Finding a Therapist

Here you are. You’ve arrived at the stage of contemplating mental health treatment. For me, this came after a weekend of being unable to do anything but lie in bed and cry. I finally realized my mood swings and suicidal thoughts were not healthy and I should seek help and support from a professional. Some of you may even be at the preparation phase of seeking out treatment. In this stage, you have to engage in the dreaded task of finding a provider.When looking for a provider the three best sources to get referrals are:
  1. Your primary care doctor who can give you a recommendation (I strongly recommend against using your primary doctor for mental health treatment);
  2. Your insurance website, if insured; or
  3. Personal recommendations from friends or colleagues who have had treatment.
If none of the above sources have been useful, start checking websites like and even begin just a basic internet search that can start you down the rabbit hole on getting names and phone numbers. If cost is a major concern, there are places that offer sliding scale rates for mental health treatment or provide financial assistance.Once you have your list, here are five pointers for choosing the best therapist based on my experience of being in and out of various therapies throughout the last 20 years.
  1. Costs: Look at what your insurance will cover. Unfortunately, therapy, evaluations, checkups, medication, etc. can get expensive. This is by no means an excuse not to get help, but getting some of it paid for is valuable. When you schedule your first intake appointment (that will be longer since it is basically a mutual interview between you and the provider), make sure you go over costs. The last thing you want is to find someone you like and then not be able to afford them.
  2. Distance: Consider how far you are willing to travel for your visits. If you are recommended for talk therapy, that could mean weekly visits or even twice a week visits for some or all of your time in treatment.
  3. Provider type: There are three different types of mental health providers. Besides price, here are the differences:
    1. Psychiatrists are medical doctors who specialize in mental illness from a clinical standpoint. Although some can engage in talk therapy, many primarily just prescribe medication and do medication management.
    2. Psychologists are professionals with either a Ph.D. or a PsyD who study the mind and human behavior. They will pull from a laundry list of therapy styles, including CBT and psychoanalysis, and pick which one they feel would work for you.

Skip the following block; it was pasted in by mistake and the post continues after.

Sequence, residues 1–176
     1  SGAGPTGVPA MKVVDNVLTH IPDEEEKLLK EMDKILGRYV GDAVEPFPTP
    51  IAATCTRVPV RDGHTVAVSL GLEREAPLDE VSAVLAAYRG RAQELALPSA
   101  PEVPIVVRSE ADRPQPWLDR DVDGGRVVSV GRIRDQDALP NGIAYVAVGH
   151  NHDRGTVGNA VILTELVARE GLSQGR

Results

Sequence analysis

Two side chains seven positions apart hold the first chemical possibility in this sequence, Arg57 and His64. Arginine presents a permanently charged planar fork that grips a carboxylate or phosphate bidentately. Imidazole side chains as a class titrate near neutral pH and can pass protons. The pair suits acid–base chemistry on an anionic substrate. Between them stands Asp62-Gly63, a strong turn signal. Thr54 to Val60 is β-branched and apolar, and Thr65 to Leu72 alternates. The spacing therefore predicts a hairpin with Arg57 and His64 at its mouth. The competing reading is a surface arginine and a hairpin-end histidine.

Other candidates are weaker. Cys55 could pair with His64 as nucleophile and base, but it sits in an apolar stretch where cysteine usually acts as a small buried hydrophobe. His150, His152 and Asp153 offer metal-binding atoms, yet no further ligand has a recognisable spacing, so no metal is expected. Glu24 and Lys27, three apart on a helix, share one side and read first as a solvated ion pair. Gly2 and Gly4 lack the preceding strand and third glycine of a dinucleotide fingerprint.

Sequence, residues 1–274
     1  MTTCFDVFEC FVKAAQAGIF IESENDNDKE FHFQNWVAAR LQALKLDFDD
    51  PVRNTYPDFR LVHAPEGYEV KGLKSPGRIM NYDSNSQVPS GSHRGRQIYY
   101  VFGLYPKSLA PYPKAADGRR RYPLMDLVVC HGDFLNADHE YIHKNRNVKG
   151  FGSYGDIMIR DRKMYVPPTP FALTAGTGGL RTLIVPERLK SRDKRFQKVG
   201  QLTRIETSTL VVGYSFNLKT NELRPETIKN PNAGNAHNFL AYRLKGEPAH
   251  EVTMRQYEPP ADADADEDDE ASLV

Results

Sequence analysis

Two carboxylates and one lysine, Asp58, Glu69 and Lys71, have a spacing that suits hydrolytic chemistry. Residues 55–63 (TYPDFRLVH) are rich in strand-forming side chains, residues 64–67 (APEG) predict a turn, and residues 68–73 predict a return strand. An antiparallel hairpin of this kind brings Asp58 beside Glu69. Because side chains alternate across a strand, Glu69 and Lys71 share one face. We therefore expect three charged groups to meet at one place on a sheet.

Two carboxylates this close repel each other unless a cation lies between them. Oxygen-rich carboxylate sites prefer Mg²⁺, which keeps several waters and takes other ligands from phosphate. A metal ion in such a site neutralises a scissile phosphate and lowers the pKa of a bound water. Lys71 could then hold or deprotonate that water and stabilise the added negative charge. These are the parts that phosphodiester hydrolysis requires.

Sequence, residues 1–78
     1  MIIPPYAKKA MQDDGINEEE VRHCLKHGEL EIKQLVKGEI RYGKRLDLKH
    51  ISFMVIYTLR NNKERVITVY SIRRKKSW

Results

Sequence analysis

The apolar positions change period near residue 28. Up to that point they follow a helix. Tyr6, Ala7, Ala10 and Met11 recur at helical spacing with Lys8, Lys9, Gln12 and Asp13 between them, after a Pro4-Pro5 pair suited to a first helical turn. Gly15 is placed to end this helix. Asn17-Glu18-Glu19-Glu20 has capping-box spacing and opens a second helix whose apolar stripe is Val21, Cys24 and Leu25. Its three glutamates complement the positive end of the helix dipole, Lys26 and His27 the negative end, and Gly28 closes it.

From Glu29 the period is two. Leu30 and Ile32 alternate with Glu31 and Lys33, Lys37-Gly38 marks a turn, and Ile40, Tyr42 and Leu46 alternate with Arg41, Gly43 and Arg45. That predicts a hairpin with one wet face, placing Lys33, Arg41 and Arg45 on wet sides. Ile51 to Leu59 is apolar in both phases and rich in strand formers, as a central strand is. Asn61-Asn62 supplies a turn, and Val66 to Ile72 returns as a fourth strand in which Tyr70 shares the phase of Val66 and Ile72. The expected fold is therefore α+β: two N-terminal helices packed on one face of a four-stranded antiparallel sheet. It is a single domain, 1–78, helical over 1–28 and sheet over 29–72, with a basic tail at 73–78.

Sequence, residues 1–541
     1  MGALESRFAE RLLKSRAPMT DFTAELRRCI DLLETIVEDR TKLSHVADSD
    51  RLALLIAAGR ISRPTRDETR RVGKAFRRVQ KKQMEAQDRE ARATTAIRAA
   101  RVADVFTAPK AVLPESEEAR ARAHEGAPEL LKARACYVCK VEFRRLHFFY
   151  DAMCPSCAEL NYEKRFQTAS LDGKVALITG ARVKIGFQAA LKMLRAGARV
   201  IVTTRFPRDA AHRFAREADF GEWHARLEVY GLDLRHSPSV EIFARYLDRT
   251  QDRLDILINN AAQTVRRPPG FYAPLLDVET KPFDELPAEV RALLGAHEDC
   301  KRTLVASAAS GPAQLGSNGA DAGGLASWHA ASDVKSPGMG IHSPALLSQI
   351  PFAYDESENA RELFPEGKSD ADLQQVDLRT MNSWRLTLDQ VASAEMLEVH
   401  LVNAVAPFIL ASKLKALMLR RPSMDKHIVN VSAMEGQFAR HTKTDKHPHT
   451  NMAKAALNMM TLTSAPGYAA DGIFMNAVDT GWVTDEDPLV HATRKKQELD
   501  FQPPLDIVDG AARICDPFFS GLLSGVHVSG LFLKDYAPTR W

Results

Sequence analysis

3. Licensed Clinical Social Workers (LCSW) are professionals with a master’s degree in social work. They tend to be less expensive than a similarly situated psychologist or psychiatrist. Unlike psychologists who are more flexible in their therapy style, LCSW tends to stick to strength-based therapy.
      Ask what therapy style the provider generally uses. At one point I had psychoanalysis therapy twice a week, and after a year I felt the needle had not moved in my treatment. I walked away and found something different. I have found better results with skills-based therapy, instead of the psychoanalysis treatment, so I switched to a provider who does Acceptance and Commitment Therapy (ACT), a skills-based therapy.
  4. Specialty: Have you been crying all the time and feel shitty? Do you find yourself hearing voices and seeing things that are not there? Have your postpartum blues turned into postpartum despair? Do you have hang-ups about sex? These questions matter, because the provider you choose should know and specialize in treating whatever ails you. Usually, on the provider's website, they will note what their areas of expertise are. Take this seriously, as you would not go to an ENT doctor for a broken leg.
  5. Background: Since you will be sharing a lot of personal details with this person, it may not be a bad thing to screen them based on the characteristics of a person you would feel comfortable talking with. If you are female, it is reasonable to want to use a female provider. If you are not comfortable talking about feelings or intimate details with someone your grandmother's age, that is also an excellent way to whittle down the list. (Note of caution - if you go to a provider based on ethnicity, do not assume they will relate just because they share your ethnic background).

Overall, the fact that you feel you need mental health treatment and you are seeking it is a big step. Furthermore, if you are having anxiety about making that first phone call, like I did, ask a friend or loved one to call around on your behalf. Do not get discouraged or give up when trying to find a provider you click with. Also, always remember that you can vote with your feet. If you are working with a provider who is not a good fit, just find a new one. You are the customer, and you deserve to find someone suitable to help you get well.